The Green Bay Packers are saving the most creative chapters of
their defensive playbook for the regular season. And at least some
of their key injured players should be healthy in time for the
Sept. 12 opener at Philadelphia.
So maybe it’s not a big deal that their defense is giving up big
plays in the preseason, continuing a disturbing trend from the end
of last season.
Charles Woodson isn’t interested in excuses.
”I think we’re as good as what we’ve shown, and I don’t think
it’s all that great,” Woodson said. ”There’s improvements for us
to make. Hopefully, by the time the first game gets here, we’ll
have some things ironed out and know who’s going to be in there and
those sort of things and just take off running.”
Still, going into Thursday night’s final preseason game at
Kansas City, Packers coach Mike McCarthy says he wants to see more
from several young players who could be forced into important roles
if the team’s injury situation doesn’t clear up soon.
”Thursday night is a big night for a number of players,”
McCarthy said. ”It is our responsibility as coaches to make sure
we give them the opportunities to show what they can do.”
For all their offensive brilliance in last Thursday’s 59-24
preseason rout of the Indianapolis Colts, the first-team defense
had issues. They gave up two touchdowns and a field goal in a
little more than a quarter and several big plays, including a
49-yard run on the Colts’ first play from scrimmage and three pass
plays of 24 yards or more.
The Cleveland Browns and Seattle Seahawks – two teams not
expected to rank among the league’s most dynamic offenses this
season – also moved the ball effectively in the Packers’ first two
”You can be better, you can be worse. It’s up to us,” said
defensive end Cullen Jenkins, who is sitting out with a calf injury
but expects to be ready for the regular season. ”We decide how it
is. And we definitely have the ability to be better, it’s just up
to us to go out there, prepare for it and then go out and do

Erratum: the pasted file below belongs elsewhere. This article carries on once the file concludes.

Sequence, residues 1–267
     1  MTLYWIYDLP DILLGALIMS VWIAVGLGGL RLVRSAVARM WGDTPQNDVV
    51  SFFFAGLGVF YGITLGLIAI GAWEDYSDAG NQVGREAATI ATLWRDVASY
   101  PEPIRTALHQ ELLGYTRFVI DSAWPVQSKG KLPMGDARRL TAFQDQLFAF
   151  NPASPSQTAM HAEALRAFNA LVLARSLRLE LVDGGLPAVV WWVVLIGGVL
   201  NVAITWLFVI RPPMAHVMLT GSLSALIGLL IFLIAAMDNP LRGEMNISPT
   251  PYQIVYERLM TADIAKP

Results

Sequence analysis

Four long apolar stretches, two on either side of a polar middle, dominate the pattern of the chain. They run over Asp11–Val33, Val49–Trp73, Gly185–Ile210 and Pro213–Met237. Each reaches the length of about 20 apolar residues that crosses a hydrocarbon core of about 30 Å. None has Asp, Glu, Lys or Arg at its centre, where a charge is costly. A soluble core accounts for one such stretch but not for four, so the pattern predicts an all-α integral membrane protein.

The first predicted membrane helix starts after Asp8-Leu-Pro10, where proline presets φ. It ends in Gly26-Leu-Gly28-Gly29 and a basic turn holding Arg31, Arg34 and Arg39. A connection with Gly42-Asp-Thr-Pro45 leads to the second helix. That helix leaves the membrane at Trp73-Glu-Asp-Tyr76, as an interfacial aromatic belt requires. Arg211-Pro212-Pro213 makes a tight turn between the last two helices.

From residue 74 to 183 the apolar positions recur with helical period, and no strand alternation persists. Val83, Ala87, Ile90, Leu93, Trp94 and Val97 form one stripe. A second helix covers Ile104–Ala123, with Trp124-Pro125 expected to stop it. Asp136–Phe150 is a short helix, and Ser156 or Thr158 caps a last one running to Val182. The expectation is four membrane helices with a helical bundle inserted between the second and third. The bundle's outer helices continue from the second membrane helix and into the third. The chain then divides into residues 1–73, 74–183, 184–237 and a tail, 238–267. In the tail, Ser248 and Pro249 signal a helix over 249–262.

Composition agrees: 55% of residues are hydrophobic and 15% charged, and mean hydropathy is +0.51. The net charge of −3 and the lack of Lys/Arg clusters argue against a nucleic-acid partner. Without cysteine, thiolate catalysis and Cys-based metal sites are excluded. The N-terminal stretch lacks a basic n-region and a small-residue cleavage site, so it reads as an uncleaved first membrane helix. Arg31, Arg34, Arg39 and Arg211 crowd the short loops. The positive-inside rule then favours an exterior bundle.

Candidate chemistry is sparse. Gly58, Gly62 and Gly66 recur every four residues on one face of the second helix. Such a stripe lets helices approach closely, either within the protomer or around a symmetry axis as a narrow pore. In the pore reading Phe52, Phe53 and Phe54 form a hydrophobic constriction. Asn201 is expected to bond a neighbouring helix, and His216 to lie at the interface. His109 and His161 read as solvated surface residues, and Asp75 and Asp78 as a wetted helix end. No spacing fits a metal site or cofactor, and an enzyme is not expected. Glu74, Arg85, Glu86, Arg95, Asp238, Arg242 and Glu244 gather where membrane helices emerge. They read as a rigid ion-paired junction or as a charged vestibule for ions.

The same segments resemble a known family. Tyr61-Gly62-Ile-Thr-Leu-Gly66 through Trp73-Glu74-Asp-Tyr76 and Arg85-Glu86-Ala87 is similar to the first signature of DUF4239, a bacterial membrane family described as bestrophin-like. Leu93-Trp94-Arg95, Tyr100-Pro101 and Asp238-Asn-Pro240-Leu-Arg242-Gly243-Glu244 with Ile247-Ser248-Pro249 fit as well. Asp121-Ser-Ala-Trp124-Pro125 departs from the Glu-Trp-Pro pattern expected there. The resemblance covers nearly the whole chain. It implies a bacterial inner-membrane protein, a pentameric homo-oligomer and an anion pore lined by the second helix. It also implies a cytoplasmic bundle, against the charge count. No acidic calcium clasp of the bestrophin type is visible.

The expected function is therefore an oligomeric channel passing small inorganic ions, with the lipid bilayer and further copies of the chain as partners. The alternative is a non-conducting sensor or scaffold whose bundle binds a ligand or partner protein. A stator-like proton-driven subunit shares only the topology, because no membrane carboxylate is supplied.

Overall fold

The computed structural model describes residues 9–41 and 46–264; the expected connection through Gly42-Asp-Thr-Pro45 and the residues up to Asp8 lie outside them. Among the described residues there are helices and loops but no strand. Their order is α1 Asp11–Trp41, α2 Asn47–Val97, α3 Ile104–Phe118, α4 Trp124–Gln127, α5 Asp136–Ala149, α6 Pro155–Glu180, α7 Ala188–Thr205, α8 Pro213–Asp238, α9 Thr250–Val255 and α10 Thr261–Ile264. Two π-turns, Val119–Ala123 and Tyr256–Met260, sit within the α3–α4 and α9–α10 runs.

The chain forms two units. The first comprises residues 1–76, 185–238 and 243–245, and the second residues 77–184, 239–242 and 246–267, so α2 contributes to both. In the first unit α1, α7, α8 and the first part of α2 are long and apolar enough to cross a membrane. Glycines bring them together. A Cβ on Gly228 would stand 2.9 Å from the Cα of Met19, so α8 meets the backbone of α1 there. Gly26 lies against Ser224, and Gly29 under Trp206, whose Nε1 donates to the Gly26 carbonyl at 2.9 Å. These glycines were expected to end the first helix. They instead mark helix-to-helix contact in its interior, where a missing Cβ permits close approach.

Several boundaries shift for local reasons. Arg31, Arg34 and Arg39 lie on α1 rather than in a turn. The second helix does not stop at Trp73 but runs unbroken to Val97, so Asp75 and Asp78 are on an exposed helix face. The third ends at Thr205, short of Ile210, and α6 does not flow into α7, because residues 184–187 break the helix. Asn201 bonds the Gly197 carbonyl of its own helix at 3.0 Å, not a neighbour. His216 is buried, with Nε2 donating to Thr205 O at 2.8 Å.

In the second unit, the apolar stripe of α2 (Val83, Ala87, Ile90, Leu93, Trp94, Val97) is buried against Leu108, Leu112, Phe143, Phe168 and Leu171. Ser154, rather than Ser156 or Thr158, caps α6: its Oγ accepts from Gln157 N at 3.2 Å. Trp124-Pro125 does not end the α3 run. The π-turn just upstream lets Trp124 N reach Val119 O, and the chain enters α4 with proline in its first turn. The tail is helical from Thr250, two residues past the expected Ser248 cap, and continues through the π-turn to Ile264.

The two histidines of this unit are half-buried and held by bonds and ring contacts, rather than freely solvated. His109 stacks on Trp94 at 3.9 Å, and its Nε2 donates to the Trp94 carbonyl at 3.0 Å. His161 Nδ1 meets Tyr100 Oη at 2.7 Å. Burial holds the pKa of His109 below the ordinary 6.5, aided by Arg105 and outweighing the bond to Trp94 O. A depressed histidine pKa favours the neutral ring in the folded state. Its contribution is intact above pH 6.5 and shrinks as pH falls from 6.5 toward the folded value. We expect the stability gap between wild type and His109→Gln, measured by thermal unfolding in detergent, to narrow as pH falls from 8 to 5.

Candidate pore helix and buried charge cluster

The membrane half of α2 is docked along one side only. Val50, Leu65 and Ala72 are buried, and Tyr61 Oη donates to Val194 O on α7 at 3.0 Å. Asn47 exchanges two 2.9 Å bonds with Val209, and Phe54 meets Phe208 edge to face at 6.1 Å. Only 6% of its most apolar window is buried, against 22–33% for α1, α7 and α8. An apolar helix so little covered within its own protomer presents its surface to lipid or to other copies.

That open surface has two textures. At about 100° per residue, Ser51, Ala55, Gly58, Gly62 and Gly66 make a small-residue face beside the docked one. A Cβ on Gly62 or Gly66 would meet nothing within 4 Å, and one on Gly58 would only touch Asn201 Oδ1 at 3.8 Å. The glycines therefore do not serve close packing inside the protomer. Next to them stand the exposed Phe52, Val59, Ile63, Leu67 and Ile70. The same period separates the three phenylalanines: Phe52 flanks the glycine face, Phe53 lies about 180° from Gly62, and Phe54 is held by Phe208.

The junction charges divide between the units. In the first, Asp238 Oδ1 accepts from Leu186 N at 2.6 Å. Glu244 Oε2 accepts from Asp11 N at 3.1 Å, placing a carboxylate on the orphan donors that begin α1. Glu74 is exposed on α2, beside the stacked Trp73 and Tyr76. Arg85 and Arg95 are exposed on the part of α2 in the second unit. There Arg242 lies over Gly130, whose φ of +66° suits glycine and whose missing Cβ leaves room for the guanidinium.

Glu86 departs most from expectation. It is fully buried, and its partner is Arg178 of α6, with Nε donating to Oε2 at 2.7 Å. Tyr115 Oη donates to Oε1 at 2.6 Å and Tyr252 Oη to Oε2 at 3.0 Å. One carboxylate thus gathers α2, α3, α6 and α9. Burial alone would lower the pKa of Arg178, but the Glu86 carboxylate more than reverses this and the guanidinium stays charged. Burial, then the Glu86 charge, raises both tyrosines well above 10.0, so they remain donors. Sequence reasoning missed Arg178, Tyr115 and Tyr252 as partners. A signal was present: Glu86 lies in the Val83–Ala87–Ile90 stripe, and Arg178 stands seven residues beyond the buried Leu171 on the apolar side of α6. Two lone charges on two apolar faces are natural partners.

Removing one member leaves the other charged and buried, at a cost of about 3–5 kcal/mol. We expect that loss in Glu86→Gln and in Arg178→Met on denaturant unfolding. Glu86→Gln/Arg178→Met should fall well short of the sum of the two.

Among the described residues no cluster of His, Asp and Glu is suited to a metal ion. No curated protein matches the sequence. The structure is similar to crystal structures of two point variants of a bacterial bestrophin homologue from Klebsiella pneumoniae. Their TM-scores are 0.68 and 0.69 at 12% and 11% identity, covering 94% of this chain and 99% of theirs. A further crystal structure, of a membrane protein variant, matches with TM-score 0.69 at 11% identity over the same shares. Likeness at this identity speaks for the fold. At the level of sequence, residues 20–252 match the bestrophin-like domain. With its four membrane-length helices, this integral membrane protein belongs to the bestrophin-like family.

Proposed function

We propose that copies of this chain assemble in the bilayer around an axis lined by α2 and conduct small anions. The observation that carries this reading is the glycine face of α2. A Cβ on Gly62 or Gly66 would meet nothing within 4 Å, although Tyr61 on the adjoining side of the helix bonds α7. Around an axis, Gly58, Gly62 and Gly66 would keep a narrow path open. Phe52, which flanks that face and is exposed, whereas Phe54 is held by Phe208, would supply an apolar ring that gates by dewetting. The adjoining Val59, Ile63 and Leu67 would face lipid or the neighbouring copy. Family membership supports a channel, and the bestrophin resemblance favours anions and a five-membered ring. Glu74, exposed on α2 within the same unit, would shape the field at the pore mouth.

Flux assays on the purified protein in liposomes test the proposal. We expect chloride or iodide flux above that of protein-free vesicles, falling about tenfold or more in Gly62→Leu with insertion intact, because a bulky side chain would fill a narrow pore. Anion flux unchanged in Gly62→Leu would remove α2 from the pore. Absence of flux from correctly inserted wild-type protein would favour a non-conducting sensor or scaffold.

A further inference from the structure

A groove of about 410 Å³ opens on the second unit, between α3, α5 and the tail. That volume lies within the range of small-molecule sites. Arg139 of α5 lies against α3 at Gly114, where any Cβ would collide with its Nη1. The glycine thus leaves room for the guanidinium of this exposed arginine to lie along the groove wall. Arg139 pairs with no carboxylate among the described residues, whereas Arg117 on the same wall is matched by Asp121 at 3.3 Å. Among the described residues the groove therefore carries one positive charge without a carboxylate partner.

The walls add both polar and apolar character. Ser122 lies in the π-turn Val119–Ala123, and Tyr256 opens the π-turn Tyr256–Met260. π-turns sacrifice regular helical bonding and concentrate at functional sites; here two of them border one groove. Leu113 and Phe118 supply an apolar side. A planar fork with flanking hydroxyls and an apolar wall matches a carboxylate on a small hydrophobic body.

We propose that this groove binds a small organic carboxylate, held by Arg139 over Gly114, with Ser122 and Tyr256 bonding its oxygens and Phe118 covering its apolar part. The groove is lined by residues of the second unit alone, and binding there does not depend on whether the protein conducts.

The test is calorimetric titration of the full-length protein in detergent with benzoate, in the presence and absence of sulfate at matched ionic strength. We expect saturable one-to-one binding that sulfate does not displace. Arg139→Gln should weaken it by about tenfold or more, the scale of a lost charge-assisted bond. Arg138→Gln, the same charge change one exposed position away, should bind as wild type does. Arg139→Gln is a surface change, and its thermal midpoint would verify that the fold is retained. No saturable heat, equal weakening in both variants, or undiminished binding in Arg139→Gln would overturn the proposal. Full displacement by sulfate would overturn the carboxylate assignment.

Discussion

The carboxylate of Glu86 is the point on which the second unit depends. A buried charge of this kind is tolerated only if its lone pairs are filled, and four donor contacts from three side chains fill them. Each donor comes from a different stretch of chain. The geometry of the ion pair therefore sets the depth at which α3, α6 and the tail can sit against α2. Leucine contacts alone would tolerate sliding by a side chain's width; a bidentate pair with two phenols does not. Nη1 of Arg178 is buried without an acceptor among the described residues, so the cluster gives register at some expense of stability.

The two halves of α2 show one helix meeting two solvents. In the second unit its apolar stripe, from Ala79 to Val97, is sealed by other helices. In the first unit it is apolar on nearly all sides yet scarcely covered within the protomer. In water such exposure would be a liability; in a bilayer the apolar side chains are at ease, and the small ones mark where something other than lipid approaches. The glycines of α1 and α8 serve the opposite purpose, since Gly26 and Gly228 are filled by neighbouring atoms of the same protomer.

For now, Green Bay’s offense seems more than capable of winning
its share of shootout games, but Woodson doesn’t want the season to
play out that way.
”I love to play on a team with a high-powered offense, but at
some point during the season, they’re going to need us to step up
and play good football, get off the field, make plays or
whatever,” Woodson said. ”I don’t like going in with the mindset
that we have to depend on the offense. We’ve got a lot of
corrections we have to make. A lot of guys are going to have to
step up and play this year.”
And a lot of those guys are young.
Safety Atari Bigby had ankle surgery at the beginning of
training camp and may begin the season on the physically unable to
perform list, meaning he would miss the first six games. In his
place is Morgan Burnett, a third-round rookie.
Cornerback Al Harris is recovering from last year’s
season-ending knee injury, and it’s not clear if he’ll be ready for
the regular season, either.
The Packers still have Woodson and Tramon Williams, but are
trying to find a nickel cornerback they can count on. Pat Lee and
Brandon Underwood – who is nursing a shoulder injury – haven’t done
enough to win the job, so coaches now are giving undrafted free
agent Sam Shields a chance.
”Once he really learns his game, I think he’s going to be a
pretty good corner,” Woodson said. ”Between now and then, he
(doesn’t) have much time but he’ll be ready.”
The Packers also were hoping for a healthy Will Blackmon to
provide depth at safety and nickel cornerback. But Blackmon’s
surgically repaired left knee continues to cause trouble.
”Will’s just going through a tough spot right now,” McCarthy
said. ”He’s coming off that knee surgery, and especially at his
position, it’s been tough. Will has put a lot of time into this. He
had a very strong offseason, but it’s probably not responding the
way he would like right now.”
At outside linebacker, the Packers are getting by for now
without Clay Matthews (hamstring) and Brad Jones (shoulder). For
now, veteran Brady Poppinga and undrafted free agent Frank Zombo
are taking most of the repetitions with the first-team defense.
No matter who’s playing outside linebacker for the Packers,
they’ll have to provide a better pass rush – or the Packers will be
leaning heavily on their high-powered offense.
”We don’t want to go into this season thinking we have an
offense that can put up points so we can just go out there and
whatever happens, happens,” Woodson said. ”That’s not taking any
pride in what you do as a professional. We won’t go out there like